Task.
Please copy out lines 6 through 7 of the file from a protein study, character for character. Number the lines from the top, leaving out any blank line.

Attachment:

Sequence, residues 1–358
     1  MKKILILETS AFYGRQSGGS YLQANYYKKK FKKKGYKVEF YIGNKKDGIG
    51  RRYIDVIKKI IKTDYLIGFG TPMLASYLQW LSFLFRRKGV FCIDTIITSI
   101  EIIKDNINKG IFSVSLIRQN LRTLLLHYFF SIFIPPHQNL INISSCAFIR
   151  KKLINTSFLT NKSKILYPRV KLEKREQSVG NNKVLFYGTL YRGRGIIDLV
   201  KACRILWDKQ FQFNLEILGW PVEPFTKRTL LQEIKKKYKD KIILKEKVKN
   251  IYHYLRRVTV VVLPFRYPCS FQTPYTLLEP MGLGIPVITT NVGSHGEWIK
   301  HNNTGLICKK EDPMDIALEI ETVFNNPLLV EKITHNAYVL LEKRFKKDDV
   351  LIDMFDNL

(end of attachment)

   201  KACRILWDKQ FQFNLEILGW PVEPFTKRTL LQEIKKKYKD KIILKEKVKN
   251  IYHYLRRVTV VVLPFRYPCS FQTPYTLLEP MGLGIPVITT NVGSHGEWIK